But my test block made in class was super wavy, waAAaay wavier than I like.  My friend Sara took the class with me and had the same issue (actually everyone around us had wonky blocks too, it wasn't just us!).  Lizzy House's only advice towards the wonky-nature of the blocks is that the next ones would be better and everything would be OKAY and it would all quilt out!  Just look at her big class demo quilt!  Angela Walters quilted it out, so obviously that will be true for everyone.

At the end of class Lizzy house explained how to sew the blocks and rows together and said that if the points didn't match up as nicely as we'd like to just rip and redo--no big deal.  She said we needed to know our own "margin of error" we were comfortable with and then do what it takes to honor it.  I almost laughed out loud because my "margin of error" had been passed the moment I finished sewing my block together and it was all bumpy and I was told just to starch it and accept it.  So I knew if I was going to make the quilt I'd have to figure out how to fix that "margin of error" so I'd be content, no, happy with the results!!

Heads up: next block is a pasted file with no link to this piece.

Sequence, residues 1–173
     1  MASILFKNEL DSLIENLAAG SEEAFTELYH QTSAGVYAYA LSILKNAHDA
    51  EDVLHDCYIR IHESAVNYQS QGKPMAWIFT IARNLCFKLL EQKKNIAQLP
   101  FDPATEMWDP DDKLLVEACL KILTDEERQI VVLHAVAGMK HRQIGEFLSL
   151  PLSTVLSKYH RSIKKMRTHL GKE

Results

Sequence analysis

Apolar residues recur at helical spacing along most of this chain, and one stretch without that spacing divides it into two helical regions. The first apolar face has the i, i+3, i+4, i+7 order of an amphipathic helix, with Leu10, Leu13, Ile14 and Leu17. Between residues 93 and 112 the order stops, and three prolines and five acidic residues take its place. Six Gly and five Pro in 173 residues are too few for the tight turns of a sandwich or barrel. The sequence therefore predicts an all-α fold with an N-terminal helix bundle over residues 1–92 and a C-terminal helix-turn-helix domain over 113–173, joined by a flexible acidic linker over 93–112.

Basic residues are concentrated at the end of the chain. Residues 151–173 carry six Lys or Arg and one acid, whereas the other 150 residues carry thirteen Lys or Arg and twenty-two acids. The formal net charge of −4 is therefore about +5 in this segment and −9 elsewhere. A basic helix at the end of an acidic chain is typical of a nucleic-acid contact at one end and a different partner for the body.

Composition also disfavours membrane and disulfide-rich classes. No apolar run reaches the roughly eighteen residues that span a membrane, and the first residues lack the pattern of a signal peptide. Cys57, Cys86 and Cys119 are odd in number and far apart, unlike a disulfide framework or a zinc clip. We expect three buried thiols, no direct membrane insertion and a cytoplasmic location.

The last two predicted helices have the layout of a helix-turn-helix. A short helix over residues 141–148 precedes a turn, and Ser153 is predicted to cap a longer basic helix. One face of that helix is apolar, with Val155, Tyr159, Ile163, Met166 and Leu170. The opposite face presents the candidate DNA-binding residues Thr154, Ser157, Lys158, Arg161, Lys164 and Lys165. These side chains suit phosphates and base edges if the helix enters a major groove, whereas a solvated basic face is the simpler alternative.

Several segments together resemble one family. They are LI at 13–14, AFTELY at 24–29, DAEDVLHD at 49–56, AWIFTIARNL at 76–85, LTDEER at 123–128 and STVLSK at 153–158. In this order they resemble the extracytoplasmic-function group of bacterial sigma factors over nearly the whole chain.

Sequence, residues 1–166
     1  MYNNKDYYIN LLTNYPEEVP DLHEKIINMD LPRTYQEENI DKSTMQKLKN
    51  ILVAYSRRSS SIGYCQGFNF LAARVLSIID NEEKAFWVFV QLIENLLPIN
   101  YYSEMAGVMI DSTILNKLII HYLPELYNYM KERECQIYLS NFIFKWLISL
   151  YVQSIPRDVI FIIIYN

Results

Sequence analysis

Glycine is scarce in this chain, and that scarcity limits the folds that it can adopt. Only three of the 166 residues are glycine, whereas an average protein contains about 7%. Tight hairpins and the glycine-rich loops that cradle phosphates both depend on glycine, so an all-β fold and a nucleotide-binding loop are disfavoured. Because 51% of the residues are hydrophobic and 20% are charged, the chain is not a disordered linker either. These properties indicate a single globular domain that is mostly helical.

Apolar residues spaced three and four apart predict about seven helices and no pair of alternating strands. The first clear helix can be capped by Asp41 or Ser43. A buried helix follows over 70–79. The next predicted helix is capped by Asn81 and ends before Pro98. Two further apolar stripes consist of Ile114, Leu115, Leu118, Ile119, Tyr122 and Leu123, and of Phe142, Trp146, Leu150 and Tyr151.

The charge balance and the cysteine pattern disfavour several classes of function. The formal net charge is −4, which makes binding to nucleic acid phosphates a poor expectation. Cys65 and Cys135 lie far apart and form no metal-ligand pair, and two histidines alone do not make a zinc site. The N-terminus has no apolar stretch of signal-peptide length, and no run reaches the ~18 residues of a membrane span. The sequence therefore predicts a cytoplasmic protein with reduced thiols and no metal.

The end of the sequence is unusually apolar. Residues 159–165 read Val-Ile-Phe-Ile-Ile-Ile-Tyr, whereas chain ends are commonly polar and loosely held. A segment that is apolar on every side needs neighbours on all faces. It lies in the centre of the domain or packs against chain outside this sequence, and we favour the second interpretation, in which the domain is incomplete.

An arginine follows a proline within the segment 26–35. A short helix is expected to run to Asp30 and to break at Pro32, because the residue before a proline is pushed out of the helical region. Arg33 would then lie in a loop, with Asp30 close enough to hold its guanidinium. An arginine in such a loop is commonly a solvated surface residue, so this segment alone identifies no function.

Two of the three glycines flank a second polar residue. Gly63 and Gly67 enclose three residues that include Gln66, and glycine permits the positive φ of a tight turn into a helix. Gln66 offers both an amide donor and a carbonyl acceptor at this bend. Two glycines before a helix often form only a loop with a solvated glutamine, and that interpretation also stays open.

So fast forward a month and I am finally going to work on my Meadow Quilt, but first I wanted to try to figure out why the blocks ended up wonky.  I tried trimming down the corner pieces so they would be symmetrical (because they aren't):

Meadow Quilt block test block #2: I added some extra seam allowance to the straight edges of the corner pieces and used this no-pin method (I know! totally against what Lizzy teaches).  Results: super wonky, wonkier than it should be, even without the no-pin method!

Then I deconstructed my template (by removing the seam allowances and meticulously taping them back together).  The results were that the Eye piece is too long.